All Power to the People

“Get down on your knees to remember what it’s like when the people
with power
literally loom over you.” 
Roald Dahl

The suggestion that Charlie and the Chocolate Factory and The Price, now playing on Broadway, are comparable might leave the impression that I am delusional. Or painfully simplistic. And I hardly expect that anyone will run out to see the two back-to-back as I did last week. But I did, and I am compelled to point out the commonalities. And I’m not stretching.

Obviously, the plays represent vastly differing worlds. Charlie is a musical based on a children’s book by Roald Dahl. It takes place on the streets of London and in a fantastical candy factory. The Price is a drama, written by the iconic American tragedian Arthur Miller. This one is set in a prewar New York apartment, about to be torn down. But they were written by left-leaning writers deep in the throes disillusionment. Each features a protagonist who has been victimized by the vagaries of economics. Both reflect a kind of nostalgia for a humanity that is all too rare in our greed-driven society.

Arthur Miller’s The Price, on Broadway, starring (l to r) Jessica Hecht, Mark Ruffalo, Tony Shalhoub, and Danny DeVito.  Photo courtesy of The Roundabout Theatr.

What began my thinking process was the set of the current production of The Price, directed by Terry Kinney. In this iteration, designer Derek McLane has taken Miller’s hyper-real descriptions and created a surreal environment. The regal old world furniture of the bygone era of the family’s fortune flies suspended like memory over the action of the play. Memory is addled by time and perspective. We cannot trust it. But it dangles insistently, sometimes as a comfort but more often as a Damocles sword.

Charlie and the Chocolate Factory is entirely surreal. The play, with music and lyrics by Mark Shaiman and book by David Grieg, is set in the realm of the imagination. Memories mesh with wishes and become a kind of armor. Director Jack O’Brien and Designer Mark Thompson have kept the stage starkly simple.  The audience must suspend disbelief and accept this world as a real possibility.  Otherwise they miss the play’s fundamental truth.  Without his fancy, Charlie Bucket (Ryan Sell on the day I attended), might never see what life has to offer. Along with Charlie, we must reach out to worlds “not yet conceived, worlds that must be believed to be seen.”

Charlie is a member of a family so poor they eat rotten Brussels sprouts and make soup from moldy cabbage. His mother Mrs. Bucket (Emily Padgett), a widow, is responsible to feed an absurdly large number of mouths. She has no time or patience for the world of imagination that holds her son in its thrall. She wishes she were free to dream, but she’s been crushed by circumstance. Charlie’s four grandparents live in a single bed in the loft above the kitchen of their little flat. At first, none of them is able to leave that bed. The entire contingent seems cynical, resigned to their predicament, willing to remain prisoners of their poverty.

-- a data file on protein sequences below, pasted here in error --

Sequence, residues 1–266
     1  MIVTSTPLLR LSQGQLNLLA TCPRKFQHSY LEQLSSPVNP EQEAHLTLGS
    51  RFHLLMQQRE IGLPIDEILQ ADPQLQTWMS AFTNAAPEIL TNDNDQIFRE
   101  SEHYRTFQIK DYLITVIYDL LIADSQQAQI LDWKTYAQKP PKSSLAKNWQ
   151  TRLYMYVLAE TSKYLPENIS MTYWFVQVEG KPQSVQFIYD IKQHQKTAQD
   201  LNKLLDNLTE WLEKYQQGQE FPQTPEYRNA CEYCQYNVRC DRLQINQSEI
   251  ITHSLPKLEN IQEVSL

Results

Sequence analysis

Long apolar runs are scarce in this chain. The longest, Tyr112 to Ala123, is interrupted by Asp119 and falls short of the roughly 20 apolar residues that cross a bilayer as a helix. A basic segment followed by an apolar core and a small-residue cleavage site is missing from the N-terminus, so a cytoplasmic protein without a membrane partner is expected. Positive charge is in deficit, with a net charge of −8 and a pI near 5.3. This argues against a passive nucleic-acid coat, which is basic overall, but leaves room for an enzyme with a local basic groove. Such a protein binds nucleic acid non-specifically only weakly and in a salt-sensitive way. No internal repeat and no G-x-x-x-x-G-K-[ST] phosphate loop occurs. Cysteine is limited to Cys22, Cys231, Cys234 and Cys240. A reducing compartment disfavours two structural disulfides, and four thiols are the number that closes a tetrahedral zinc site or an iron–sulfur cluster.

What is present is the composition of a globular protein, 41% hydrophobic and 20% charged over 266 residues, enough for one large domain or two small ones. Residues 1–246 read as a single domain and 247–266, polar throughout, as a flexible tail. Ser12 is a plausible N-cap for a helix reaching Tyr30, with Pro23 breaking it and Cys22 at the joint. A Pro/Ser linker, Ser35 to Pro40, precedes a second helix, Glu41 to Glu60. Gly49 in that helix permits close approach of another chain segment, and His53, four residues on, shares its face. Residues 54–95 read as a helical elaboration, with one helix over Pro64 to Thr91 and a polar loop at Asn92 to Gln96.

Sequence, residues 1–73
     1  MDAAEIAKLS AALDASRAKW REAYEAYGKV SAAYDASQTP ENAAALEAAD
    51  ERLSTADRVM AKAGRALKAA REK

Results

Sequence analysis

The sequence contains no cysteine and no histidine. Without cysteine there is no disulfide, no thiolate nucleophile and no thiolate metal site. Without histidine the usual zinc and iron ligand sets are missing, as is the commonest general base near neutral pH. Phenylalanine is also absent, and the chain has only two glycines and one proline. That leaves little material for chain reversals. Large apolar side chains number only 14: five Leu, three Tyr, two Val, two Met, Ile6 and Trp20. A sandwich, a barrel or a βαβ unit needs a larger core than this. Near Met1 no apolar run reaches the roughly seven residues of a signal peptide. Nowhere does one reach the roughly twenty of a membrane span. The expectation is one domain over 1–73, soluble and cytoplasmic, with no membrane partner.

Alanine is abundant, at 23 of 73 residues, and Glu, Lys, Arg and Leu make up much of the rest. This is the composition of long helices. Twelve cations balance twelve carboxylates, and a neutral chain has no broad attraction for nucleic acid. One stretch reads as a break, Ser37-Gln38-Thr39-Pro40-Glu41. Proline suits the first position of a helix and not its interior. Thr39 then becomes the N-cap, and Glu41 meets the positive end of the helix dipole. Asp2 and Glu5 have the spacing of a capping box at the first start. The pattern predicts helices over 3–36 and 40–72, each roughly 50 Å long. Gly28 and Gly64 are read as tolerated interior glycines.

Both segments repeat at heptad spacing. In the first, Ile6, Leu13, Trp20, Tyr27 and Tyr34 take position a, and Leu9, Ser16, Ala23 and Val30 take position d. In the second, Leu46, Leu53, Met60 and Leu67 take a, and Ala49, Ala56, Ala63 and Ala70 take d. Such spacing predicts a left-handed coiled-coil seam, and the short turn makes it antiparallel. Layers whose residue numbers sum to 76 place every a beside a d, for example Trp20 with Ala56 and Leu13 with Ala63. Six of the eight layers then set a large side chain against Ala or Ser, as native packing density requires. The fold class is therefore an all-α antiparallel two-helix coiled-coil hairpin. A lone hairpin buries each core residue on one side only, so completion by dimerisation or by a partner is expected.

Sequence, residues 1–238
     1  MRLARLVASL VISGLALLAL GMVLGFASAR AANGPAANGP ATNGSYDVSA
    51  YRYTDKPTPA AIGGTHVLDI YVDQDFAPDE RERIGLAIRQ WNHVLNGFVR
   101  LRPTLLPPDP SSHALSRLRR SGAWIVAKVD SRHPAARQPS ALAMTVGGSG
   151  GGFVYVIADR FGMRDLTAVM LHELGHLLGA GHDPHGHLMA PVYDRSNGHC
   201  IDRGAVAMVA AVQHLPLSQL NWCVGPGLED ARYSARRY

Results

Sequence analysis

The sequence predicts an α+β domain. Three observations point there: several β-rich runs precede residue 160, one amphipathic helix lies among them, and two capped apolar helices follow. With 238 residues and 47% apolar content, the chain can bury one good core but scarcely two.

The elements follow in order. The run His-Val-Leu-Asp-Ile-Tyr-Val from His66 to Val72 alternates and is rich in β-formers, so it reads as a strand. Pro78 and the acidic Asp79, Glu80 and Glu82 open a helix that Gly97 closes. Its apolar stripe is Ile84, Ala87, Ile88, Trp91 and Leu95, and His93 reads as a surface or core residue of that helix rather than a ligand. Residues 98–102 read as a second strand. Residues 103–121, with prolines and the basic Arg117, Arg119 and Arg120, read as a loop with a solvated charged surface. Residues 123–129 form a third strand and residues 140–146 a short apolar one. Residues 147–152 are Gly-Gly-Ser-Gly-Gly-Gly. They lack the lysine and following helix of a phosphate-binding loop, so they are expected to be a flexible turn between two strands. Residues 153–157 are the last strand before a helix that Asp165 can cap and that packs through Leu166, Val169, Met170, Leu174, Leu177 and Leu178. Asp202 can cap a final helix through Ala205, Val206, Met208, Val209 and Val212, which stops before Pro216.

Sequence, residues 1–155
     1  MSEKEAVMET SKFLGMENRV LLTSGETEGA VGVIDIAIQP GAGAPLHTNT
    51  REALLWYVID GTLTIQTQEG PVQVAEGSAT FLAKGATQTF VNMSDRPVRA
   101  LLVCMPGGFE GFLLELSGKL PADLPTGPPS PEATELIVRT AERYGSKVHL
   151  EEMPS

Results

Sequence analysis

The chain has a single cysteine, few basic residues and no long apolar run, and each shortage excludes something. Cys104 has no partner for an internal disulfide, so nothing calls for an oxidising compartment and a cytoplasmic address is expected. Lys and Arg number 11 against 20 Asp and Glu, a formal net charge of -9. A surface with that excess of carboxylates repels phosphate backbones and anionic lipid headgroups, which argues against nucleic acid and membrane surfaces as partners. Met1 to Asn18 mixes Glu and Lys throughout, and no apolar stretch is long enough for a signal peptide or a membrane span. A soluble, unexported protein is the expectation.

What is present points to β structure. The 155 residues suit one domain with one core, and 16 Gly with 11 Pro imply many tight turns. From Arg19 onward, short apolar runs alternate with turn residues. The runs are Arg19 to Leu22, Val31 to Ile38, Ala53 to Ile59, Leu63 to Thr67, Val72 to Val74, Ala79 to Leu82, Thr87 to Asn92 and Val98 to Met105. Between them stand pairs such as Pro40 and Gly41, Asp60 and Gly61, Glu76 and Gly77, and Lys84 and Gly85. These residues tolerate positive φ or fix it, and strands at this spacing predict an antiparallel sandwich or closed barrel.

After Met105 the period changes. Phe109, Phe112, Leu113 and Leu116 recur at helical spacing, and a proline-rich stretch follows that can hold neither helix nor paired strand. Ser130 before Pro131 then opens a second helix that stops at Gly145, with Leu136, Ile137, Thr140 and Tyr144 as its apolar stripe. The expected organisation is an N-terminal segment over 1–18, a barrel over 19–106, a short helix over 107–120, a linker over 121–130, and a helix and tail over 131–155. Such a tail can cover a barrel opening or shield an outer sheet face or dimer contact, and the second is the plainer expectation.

Grandpa Joe (John Rubenstein), Charlie’s paternal grandfather, is 96 and a half, “about as old as a man can be.” He worked for Willy Wonka when Wonka had nothing but a candy store and then became a security guard at the factory. But spies infiltrated the chocolate world and stole the recipes, forcing Wonka to fire everyone, including Mr. Bucket. Mr. Bucket is not bitter. He understands that his firing was a symptom of the company’s overall failure. And the company’s failure as a sign of the times.

As the story commences, Wonka (Christian Borle) has only just begun to recommence production of his most famous chocolate bar. The Golden Tickets he has hidden in the candy bars serve two purposes. They offer incentives for customers to try the candy and become fans. And they provide Wonka with an opportunity to seek out an honest person to inherit his legacy. He seems to be a man who will cheat even so sweet a boy as Charlie just to make a buck. But things are not as they seem.

In the current production, directed by Jack O’Brien, Charlie is a blithe spirit. He breezes through his troubles without resentment and greets his dismally accoutered world with unerring optimism. When he meets Willy Wonka disguised as a local candy store proprietor, he perceives a chance to be useful and subjugates his own burning desire for the Golden Ticket to the older man’s need for an assistant. He is not paid for his labor, and he never complains, even when a paycheck might enable him and his surreal coterie of bedridden forebears a decent meal. Wonka is a devious guy, squirrely, avaricious. But by the end of the play our suspicions about him are proved true: he’s a sensitive despot, a kind master. He manipulates fate a bit so that Charlie’s wishes can come true.